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Chemotherapy, a treatment that uses drugs to kill cancer cells in the body, is often used to treat breast cancer. There are numerous chemotherapy drugs which doctors might prescribe alone or in combination for patients with breast cancer. The most common breast cancer chemotherapy drugs are anthracyclines, taxanes, and cyclophosphamide.
Patients with breast cancer commonly receive chemotherapy as an adjuvant therapy. Chemotherapy is given in addition to other treatments, such as surgery, to decrease the risk of the cancer returning. The age and health of the patient, the type of tumor, and whether the cancer has invaded the lymph nodes are common factors considered by oncologists in determining the appropriate breast cancer chemotherapy drugs.
Anthracyclines are a class of chemotherapy drugs derived from Streptomyces bacteria. This class of drugs includes doxorubicin, epirubicin, and liposomal doxorubicin. Anthracyclines work by blocking DNA production within cells, thereby preventing the replication of cells. The drug cannot distinguish between cancer cells and healthy cells. Anthracycline drugs have a greater negative effect on cancerous cells than normal cells because of cancel cells divide more rapidly.
Taxanes are a class of chemotherapy drugs derived from a certain species of coniferous yew tree of the genus Taxus. This family of drugs is one of the most well known chemotherapy drugs in existence, and includes docataxel and paclitaxel. Taxanes work by slowing down cell division and preventing enzymes from making the proteins that cells need to grow.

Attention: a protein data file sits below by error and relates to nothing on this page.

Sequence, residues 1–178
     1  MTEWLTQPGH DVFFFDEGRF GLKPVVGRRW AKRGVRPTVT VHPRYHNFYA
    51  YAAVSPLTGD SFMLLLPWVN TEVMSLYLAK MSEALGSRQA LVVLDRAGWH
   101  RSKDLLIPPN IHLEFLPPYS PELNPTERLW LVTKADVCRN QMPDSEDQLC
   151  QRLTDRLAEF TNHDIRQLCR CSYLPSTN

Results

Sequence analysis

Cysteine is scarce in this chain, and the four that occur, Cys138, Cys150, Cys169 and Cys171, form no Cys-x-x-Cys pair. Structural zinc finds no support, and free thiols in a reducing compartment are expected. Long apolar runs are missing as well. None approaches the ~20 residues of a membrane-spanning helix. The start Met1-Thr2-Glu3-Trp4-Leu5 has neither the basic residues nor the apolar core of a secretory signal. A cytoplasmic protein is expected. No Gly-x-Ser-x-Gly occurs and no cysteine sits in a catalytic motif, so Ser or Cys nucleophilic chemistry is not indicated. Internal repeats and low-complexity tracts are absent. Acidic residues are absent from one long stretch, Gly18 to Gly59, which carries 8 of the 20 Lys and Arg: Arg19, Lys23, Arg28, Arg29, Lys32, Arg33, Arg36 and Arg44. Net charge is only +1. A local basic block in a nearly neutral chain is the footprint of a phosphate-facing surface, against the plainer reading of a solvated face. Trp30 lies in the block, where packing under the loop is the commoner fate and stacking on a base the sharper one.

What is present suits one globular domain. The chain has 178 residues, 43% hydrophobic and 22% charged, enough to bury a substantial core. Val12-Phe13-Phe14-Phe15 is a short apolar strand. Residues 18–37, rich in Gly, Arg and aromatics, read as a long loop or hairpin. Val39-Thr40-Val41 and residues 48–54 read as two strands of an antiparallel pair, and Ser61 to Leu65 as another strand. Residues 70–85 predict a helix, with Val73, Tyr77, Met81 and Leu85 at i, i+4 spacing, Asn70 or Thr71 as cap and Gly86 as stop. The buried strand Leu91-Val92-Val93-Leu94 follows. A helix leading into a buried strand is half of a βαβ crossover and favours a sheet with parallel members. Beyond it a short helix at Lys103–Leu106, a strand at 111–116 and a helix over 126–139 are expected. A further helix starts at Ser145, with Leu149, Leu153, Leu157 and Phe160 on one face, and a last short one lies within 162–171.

Cyclophosphamide is a synthetic agent that slows or stops cell growth, and therefore stops cancer cells from replicating. This drug also decreases the immune system response to certain conditions. Some patients experience fewer side effects from cyclophosphmide drugs as compared to other chemotherapy drugs.
Breast cancer treatment usually consists of "cocktails" of combined chemotherapy drugs. The most common combinations of breast cancer chemotherapy drugs are anthracycline and cyclophosphamide (AC), taxane and cyclophosphamide (TC), anthracycline, cyclophosphamide, and Taxol® (AC + Taxol®), and anthracycline and taxane (AT). The initials are widely used in the medical community.
AC chemotherapy is the most common drug combination given to patients with breast cancer where the cancer has not spread to the lymph nodes. These treatments are normally given by intravenous (IV) and take about two hours to complete. Programs vary by patient, but most receive four AC treatments, one every three weeks.
TC is one of the most commonly prescribed breast cancer chemotherapy drugs for women with early-stage breast cancer. This therapy has fewer serious side effects than AC chemotherapy. TC chemotherapy typically consists of four to six treatments, one every three weeks, by IV.
AC + Taxol® consists of four AC treatments, given by IV, followed by four treatments of a taxane. This treatment is typically ordered for patients where the cancer has spread to one or more lymph nodes and for patients who have had a recurrence. Taxol® is the most common taxane used in this drug combination.
AT chemotherapy is given to patients that are node-positive. This means that the cancer has spread to their lymph nodes. Patients typically receive a course of six injections of AT chemotherapy.